EDITOR’S NOTE: Former Tucson High School and University of Arizona basketball standout Ernie McCray is a legendary figure to Tucsonans and Wildcat fans. McCray, who holds the Wildcats’ scoring record with 46 points on Feb. 6, 1960, against Cal State-Los Angeles, is the first African-American basketball player to graduate from Arizona. McCray, who now resides in San Diego, earned degrees in physical education and elementary education at Arizona. He is a longtime educator, actor and activist in community affairs in the San Diego-area. He wrote a blog for TucsonCitizen.com before the site ceased current-events operations last year. He agreed to continue offering his opinion and insight with AllSportsTucson.com. McCray also writes blogs for SanDiegoFreePress.org.
I’ve attended many a wedding in my life, even conducting a few in rhythm and rhyme that got people to say “Hey, that was pretty nice.”
But I have never witnessed a marriage that was as special as one I showed up for on the last day of this past February.
It was beyond nice. It was magical. Sweet. Soulful. Teary. Poignant. Smiley. Earthy. Inspiring. Cosmic. Fun. Invigorating. Both lighthearted and sincere. A journey “home.” Proceeded over by the groom’s brother-in-law.
I was on the scene when the catalyst for such a wonderful happening began. That, too, was refreshingly otherworldly, the bride’s hand asked for in the middle of a dense bamboo forest, along a hike on an idyllic path of cascading waterfalls and pools and tropical plants of a multitude of alluring hues, leading to Seven Sacred Pools in east Maui on a spectacularly beautiful day in June.
Others on the trail were, of course, the handsome proposer, Jon Carlos Senour and the proposee, the beautiful and radiant woman of his dreams, Briana Lynne Boyd; the man who later officiated over the tying of the knot; the groom’s sister, niece and nephew. And his mother who made the trip possible for all of us in celebration of her retirement.
I will forever remember the happiness that filled the air of the absolutely stunning setting in which we basked like human beings free of all cares and woes and earthly concerns. Life was surely good in this place at that time.
It seemed as though hardly any time had passed before those of us who had been invited to the wedding were gathered in a spacious hotel suite at the Hilton La Jolla Torrey Pines, making the high pitched happy excited noises that old friends and family make as they catch each other up on what’s happening in their lives, interweaving the present with memories of yore, referring to good times and high times more so than down times as “Oye como va” is barely heard over the sounds of delight. Smiles and laughter and hugging and high fives filled the room.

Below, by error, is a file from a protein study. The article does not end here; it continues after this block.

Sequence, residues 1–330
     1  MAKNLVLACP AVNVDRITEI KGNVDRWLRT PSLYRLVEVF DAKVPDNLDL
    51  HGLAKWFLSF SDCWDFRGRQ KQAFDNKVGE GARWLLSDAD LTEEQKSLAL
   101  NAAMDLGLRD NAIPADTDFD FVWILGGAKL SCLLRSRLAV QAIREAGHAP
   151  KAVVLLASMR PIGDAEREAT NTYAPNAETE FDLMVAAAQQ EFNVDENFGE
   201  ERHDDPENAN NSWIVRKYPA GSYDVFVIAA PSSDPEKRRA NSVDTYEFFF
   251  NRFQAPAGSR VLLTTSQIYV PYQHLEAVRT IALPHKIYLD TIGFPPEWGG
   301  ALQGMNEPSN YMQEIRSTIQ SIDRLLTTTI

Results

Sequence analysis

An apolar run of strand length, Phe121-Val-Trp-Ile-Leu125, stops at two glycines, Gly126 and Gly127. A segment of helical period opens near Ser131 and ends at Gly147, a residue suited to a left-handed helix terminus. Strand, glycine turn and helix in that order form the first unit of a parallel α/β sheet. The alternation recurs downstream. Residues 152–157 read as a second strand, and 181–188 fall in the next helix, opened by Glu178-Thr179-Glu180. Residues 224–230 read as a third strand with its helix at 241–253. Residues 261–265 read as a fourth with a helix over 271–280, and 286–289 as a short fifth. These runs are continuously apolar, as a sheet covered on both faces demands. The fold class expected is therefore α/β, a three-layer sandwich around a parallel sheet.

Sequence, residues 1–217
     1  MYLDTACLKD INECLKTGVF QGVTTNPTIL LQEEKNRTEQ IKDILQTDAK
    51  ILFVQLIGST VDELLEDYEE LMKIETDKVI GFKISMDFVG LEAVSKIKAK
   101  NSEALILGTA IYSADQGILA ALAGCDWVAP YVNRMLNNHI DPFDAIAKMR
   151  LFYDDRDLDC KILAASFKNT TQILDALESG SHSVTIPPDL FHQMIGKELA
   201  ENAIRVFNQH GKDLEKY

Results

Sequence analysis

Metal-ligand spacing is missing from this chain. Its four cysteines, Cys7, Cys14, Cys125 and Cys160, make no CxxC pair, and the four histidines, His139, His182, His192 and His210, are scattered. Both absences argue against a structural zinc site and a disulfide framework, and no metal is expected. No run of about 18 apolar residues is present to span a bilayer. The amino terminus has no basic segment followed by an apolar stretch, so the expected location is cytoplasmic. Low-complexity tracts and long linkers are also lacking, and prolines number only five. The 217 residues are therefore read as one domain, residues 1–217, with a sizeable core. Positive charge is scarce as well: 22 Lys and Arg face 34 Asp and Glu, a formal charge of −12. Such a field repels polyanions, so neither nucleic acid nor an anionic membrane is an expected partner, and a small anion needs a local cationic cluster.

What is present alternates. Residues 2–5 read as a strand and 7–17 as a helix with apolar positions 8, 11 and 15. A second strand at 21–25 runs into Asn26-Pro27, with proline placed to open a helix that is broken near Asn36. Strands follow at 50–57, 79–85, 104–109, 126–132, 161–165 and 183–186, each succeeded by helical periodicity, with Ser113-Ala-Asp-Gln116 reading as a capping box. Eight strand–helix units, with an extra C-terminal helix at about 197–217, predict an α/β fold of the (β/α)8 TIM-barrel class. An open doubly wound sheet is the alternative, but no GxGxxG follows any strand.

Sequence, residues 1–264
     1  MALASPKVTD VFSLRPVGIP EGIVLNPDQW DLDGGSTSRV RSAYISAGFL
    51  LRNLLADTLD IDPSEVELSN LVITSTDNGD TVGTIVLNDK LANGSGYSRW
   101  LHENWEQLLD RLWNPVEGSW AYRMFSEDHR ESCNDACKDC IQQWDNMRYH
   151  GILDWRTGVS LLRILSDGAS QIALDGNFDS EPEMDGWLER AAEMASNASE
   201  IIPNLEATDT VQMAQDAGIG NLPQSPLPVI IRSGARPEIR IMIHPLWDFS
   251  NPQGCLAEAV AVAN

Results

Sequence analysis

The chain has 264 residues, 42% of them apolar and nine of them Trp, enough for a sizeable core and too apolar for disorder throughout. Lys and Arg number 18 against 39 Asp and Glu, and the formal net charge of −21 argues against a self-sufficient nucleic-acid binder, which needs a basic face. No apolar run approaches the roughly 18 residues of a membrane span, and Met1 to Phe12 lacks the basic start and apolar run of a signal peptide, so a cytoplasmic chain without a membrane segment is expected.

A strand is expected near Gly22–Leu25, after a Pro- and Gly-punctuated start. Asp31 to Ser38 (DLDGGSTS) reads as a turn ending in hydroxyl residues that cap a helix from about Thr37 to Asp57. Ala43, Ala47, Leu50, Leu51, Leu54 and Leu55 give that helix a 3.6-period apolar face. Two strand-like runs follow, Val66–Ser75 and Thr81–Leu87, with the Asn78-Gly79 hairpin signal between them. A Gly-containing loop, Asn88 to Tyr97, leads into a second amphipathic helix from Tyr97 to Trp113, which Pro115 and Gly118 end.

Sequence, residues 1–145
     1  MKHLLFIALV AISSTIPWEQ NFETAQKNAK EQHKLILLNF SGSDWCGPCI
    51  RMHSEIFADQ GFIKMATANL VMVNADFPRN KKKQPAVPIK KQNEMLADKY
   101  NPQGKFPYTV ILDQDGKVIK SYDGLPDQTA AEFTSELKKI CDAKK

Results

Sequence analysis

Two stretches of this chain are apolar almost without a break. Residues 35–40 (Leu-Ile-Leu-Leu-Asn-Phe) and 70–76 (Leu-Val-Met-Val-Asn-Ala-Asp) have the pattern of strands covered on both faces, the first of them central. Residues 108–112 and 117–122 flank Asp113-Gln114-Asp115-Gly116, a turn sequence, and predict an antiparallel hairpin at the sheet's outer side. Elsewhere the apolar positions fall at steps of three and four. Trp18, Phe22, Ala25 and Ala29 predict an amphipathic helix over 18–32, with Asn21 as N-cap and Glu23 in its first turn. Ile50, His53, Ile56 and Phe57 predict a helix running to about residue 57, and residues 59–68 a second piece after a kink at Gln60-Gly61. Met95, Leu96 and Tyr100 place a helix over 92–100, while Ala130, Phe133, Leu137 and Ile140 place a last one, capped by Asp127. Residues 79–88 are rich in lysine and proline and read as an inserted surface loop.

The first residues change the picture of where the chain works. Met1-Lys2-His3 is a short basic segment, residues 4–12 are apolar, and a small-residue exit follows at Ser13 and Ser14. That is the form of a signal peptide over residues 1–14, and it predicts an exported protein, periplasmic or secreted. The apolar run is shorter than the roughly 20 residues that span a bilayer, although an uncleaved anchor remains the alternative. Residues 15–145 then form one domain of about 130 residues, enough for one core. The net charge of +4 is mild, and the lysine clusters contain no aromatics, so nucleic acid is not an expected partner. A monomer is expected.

Then, on the next day, the lovers “jumped the broom,” literally, after sharing words that were poetic in their very content. Jon Carlos says to Briana, in part, softly from the depths of his soul, that his vows to her are more privileges than promises, that it is a privilege that he gets to be with her and have fun with her and sing and dance with her and laugh and cry with her and and live and dream and grow with her, that he gets to be her husband. He spoke to her being his best friend and says “when we are together, I feel that I am ‘home.’ You have shown me more love, kindness, compassion, and understanding than I have ever known. It is the greatest privilege that I will ever know that you love me and that I get to love you, and I promise to, with all that I am and all that I will ever be, each and every day for the rest of our lives.”
If there was a dry eye in the audience, sitting high above La Jolla Shores, I couldn’t tell from the tears that flowed from mine. We were privileged to see the concept of “home” in a new light.
I was feeling it because I’ve seen, from now being a part of Jon Carlos’s family, just how much he loves Briana. She is truly his princess to which she wrote to Maria, his mother: “A man who treats his woman like a princess is proof that he was born and raised in the arms of a queen.” He, indeed, was.
And Briana, too, speaks of “home” in her vows, seeing Jon Carlos as her prince, a gift from the Universe that has blessed her life with joy and peace, with forgiveness and laughter, with sweetness and love. She tells him with a gleam of admiration in her eyes that he is her hero and when she looks into his eyes she sees her “home.” She asks of him to be no other than himself, and in return she will be his greatest supporter, friend, and love, through good times and bad.
“I promise,” she says, “to respect your uniqueness and individuality, to make you laugh and always give you the benefit of the doubt, to support you and share in your hopes, dreams and goals, and to honor our love when it is easy and especially when it is hard. I give you my heart now, and completely. May you always feel deeply loved, without condition or reservation, because indeed you truly are.”
A tissue salesman could have walked among us and garnered a fortune at this point.
The wedding was the most pleasant of experiences, giving all of us in attendance a look at love in the raw, a look at two people making their way “home.” That, alone, made this marriage ceremony special in my watery eyes.
And just from the music the Deejays played, I would say that this will be a “home” of harmony, because these precious human beings picked the songs and not once did I find, as I danced and danced and danced, a tune that I disliked in any way.
This was truly a magical day. I felt privileged just being there.